• Clerical Assistant   £22,000
• Trainees   £15,000

The Discussion

If pupils calculate the mean they will find it is £44,400 – this makes the advert true

But why would a company have the same number of employees at each pay grade?

The Sting

OfficesRUs is a clerical agency, offering temporary clerical staff for other businesses. Their staff numbers are:

• 1 Director   £100,000
• 4 Managers   £50,000
• 8 Sales People   £35,000
• 200 Clerical Assistants   £22,000
• 4 Trainees   £15,000

The Result

My class worked out how much each pay grade would get and added them to find the total salary cost. Some pupils then divided by 5, but discovered that the mean would be far greater than the Director’s salary. They then realised they had to total up the employees too. The mean turned out to be less than £30,000. This then leads to a discussion of which measure of average is best in this situation.

This is the working out from my board. The original problem is in black, with the sting and working in red. We linked the individual pay grade calculations to the work we had done on means from ungrouped frequency tables. The layout of the calculations is very similar to our tables.

This  was a really good investigative starter to bridge between a theory and problem solving lesson. You could get pupils to see if they can find any examples of job adverts with average salaries in and make up their own problems.

# 220. Terrific Tiles

I take no responsibility for this blog post. It is all down to the amazing teachers I work with. We have recently had our Year 6 open day and one of the activities was this amazing tessellation:

As you can see each rhombus has a pattern or picture which links to the next rhombus. You can stand in front of the full wall display and spend ages tracing the different routes across the wall. The clever use of colour means that from a distance the wall pops out as 3D cubes. Older students at school have commented that the display is ‘Awesome!’ and ‘Amazing!.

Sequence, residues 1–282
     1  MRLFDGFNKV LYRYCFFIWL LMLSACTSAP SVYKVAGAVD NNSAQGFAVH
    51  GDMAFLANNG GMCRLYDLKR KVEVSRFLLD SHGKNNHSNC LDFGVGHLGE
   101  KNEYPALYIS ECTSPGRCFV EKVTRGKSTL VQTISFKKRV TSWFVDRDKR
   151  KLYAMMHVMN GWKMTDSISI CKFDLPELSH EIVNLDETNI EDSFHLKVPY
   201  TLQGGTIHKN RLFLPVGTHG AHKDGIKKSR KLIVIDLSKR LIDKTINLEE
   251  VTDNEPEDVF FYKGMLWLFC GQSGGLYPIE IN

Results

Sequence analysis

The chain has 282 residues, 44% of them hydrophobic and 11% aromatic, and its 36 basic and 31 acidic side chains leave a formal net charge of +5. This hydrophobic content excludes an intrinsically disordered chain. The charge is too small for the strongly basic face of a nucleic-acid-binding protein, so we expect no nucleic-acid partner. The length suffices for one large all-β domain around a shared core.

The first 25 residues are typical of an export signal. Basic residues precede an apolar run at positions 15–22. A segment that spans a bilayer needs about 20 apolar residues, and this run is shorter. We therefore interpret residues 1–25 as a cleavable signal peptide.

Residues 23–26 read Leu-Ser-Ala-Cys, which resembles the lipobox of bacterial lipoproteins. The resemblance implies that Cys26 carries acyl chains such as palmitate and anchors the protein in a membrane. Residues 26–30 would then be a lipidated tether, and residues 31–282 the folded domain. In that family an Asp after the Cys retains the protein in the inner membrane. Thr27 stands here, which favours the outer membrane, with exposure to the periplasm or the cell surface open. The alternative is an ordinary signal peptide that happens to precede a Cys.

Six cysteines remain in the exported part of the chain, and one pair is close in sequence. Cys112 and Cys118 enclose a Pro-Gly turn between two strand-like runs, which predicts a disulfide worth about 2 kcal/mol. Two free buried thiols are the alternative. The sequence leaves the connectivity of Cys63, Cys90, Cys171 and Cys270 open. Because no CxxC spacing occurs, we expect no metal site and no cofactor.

It was inspired by Vi Hart’s videos on snakes and doodling: YouTube

# 219. Good question, Bad question 1

It’s been a while since I’ve done a step by step instruction post, so I thought I would share this lesson on questions and surveys.

Objective

• To understand bias in questions
• To consider how to structure answer options.

Equipment

• Exercise books or paper
• Pens
• Ruler/straight edge
• Scissors
• Glue

Step 1

Write out your usual headings: title, date, objective etc. Cut across the page to the spine. Stick the title page to the lower page.

Step 2

Fold the lower half of the page in half and cut down the fold.

Step 3

Fold the loose piece of paper into four equal pieces. Mark the fold positions in the book.

Step 4

Draw horizontal lines across both the upper and lower pages. Cut the upper page to the spine along those lines to make four flaps.

Step 5

Continue the horizontal lines on the lower page under the flaps

Step 6

Label the flaps as shown

Step 7

Give examples of bad questions, good questions, bad response boxes and good response boxes

Step 8

Under each flap justify why each question or response is good or bad.

Review

My class really enjoyed this activity – one of them even wrote it in their feedback. The following are examples from my class. You might even spot some RAG123 on their pages. Follow @ListerKev or search #rag123 on Twitter to find out more.